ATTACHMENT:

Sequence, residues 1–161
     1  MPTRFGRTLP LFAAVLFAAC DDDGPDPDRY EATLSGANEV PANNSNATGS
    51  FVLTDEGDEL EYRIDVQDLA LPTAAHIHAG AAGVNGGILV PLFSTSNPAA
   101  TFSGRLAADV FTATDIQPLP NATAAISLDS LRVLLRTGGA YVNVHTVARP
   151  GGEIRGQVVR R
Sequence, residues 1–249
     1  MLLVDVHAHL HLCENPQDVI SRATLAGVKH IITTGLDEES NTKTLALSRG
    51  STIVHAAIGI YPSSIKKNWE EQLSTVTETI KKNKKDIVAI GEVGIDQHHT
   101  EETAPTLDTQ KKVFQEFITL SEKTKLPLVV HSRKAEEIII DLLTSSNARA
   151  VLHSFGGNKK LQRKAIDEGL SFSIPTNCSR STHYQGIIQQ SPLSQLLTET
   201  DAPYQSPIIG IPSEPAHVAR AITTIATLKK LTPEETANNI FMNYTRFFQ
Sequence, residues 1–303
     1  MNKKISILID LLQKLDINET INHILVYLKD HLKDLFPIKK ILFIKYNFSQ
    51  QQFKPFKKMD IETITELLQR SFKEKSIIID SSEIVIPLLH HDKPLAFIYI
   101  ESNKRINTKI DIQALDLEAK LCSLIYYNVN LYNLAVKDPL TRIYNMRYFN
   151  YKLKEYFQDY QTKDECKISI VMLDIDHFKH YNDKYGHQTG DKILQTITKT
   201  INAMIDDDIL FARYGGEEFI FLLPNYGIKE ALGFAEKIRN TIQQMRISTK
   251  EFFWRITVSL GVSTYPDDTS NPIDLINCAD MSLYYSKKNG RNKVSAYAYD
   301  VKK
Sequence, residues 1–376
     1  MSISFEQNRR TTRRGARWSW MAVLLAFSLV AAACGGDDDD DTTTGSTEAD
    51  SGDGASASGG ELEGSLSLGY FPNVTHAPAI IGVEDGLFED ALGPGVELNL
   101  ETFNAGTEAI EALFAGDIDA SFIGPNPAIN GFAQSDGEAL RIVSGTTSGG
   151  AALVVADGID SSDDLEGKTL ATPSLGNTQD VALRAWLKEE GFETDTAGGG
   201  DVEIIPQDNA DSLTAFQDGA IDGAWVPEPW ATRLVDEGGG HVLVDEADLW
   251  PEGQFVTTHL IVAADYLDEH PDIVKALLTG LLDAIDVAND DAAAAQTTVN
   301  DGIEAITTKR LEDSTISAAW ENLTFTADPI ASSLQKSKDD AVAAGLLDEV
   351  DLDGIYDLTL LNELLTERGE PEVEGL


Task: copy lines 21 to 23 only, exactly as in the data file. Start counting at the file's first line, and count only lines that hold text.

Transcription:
     1  MSISFEQNRR TTRRGARWSW MAVLLAFSLV AAACGGDDDD DTTTGSTEAD
    51  SGDGASASGG ELEGSLSLGY FPNVTHAPAI IGVEDGLFED ALGPGVELNL
   101  ETFNAGTEAI EALFAGDIDA SFIGPNPAIN GFAQSDGEAL RIVSGTTSGG